German Chancellor Angela Merkel is embarking on a one-day working visit to meet President Donald Trump on Friday, harboring no illusions of matching the "special relationship" formed by France's Emmanuel Macron.
Touching down in the afterglow of her French counterpart's three-day visit, Merkel arrives in Washington to try to find a compromise with the president on a raft of divisive issues.
The Iran nuclear deal, the prospect of U.S. tariffs on European metals products and Berlin's military spending are all politically sensitive topics seen as likely to come up during Merkel's working lunch with Trump.
"Macron has a good personal relationship with Trump and Merkel has a bad relationship with him, but it's not necessarily a problem. In fact, I don't actually think she cares that much about it," Charles Lichfield, Europe associate at Eurasia Group, told CNBC in a phone interview on Friday.
"This trip is about damage limitation. We are almost in crisis mode with tariffs being threatened, so her focus has to be on that," he added.
Merkel is visiting the U.S. in the hope of averting a trade war between the world's largest economy and the European Union (EU). It is thought German officials will try to convince Trump that Washington's trade deficit with Berlin is not just shrinking, but some of the factors behind their trade partnership are out of the chancellor's control.
Nonetheless, Trump is seen as unlikely to shift from his current position that the trading relationship between the two is clearly biased in Europe's favor.
France's Macron had initially sought to persuade the Trump administration to abandon its combative stance on both trade and the Iran nuclear accord. However, some analysts questioned whether his tactile relationship with Trump had yielded any tangible results for the EU.
Eurasia Group's Lichfield said Macron's trip to the U.S. had no implications on the balance of power in Europe because the so-called "Trump-whisperer didn't actually get him to agree to very much."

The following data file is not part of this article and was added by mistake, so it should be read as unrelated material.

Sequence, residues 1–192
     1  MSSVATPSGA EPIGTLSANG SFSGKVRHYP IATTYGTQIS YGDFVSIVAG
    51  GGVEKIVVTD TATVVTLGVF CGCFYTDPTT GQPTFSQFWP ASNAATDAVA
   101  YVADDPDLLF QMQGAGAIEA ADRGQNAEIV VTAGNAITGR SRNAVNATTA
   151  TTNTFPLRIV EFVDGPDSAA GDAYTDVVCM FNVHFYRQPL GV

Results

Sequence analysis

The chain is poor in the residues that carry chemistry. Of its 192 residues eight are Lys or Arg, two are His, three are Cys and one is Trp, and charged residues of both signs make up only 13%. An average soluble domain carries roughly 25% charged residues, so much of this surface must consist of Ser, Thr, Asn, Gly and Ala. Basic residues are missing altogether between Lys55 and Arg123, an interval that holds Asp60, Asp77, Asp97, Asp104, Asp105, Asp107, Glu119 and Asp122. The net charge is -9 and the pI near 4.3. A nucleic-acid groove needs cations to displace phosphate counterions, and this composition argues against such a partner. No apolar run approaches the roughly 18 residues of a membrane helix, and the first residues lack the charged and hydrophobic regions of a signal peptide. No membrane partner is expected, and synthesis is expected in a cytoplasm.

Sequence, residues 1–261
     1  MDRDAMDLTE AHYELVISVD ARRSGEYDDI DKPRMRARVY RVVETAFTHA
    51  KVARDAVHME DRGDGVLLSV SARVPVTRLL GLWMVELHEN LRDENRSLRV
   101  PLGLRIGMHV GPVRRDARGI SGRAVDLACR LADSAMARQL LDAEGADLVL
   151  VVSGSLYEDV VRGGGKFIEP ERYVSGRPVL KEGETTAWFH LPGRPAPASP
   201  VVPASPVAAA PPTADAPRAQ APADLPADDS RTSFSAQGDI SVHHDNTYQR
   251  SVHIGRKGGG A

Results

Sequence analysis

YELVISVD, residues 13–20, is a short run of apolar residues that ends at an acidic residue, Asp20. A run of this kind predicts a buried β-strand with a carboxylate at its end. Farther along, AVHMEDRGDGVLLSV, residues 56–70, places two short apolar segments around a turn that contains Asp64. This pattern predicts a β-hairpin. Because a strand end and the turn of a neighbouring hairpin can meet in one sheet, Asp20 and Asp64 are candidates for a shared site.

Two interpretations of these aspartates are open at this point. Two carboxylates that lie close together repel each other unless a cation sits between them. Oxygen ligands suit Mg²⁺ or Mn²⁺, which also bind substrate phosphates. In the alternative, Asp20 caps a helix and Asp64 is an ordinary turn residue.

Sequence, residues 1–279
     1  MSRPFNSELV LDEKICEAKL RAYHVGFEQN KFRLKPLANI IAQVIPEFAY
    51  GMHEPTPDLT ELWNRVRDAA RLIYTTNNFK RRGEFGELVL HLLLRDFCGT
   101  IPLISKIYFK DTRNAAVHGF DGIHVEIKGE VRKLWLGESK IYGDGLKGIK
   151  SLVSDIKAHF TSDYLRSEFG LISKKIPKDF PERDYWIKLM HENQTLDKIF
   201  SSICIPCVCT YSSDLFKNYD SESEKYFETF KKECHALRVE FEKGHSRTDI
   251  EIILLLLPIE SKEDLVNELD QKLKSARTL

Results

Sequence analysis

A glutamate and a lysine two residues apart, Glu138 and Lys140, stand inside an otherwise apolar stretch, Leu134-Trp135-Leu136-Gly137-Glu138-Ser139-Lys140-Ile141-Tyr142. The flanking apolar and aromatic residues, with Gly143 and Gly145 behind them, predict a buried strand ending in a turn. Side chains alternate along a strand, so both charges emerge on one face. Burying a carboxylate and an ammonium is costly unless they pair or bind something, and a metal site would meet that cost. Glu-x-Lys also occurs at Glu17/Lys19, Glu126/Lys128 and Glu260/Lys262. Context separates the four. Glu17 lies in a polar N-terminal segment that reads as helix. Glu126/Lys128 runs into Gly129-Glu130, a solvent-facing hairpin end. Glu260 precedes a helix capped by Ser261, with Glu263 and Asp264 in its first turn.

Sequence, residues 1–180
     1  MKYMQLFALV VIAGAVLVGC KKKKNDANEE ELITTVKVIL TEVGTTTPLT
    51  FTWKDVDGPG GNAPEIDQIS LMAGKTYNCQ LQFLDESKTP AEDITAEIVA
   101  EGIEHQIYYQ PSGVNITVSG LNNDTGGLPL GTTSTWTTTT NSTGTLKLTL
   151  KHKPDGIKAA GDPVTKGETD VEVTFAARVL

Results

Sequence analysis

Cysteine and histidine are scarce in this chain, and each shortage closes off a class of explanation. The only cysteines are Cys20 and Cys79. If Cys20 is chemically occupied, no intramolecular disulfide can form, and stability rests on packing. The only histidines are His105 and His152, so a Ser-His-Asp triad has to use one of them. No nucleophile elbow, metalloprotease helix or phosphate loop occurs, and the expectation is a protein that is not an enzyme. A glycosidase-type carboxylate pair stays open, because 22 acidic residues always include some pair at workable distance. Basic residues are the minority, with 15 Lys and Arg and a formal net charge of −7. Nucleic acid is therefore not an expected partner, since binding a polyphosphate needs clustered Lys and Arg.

In fact, Trump said Thursday that Macron "really came to recognize" his viewpoint on the Iran nuclear deal.
"He is viewing, I believe, Iran a lot differently than he did before he walked into the Oval Office and I think that's important," Trump said on Fox News. He went onto reaffirm his belief the Obama administration had agreed to a "horrible deal" to freeze Iran's nuclear weapons program.
Macron and Merkel's trips to the U.S. come shortly before a May 12 deadline, set by Trump, to improve on an international deal to curb Iran's nuclear program.
The president has threatened to pull out from the accord between Tehran and six world powers, signed in 2015 before he took office — unless Germany, France and Britain helped to agree on a follow-up pact by that date.
Merkel, who was once seen as the torchbearer for liberal democracy, has not enjoyed a warm alliance with Trump. And since losing ground in September's general election, Germany's premier has been accused of being in a strategic retreat on the international stage. In a recent Der Spiegel editorial, the newspaper lamented Berlin's "incredibly shrinking role" as a global player.
That is in sharp contrast to just two years earlier when, shortly after Trump's election victory in November 2016, former President Barack Obama flew to Germany and hailed Merkel as the "closest international partner" of his eight years in office. Thereafter, domestic newspapers had declared Merkel as the somewhat reluctant "leader of the free world."
— Reuters contributed to this article.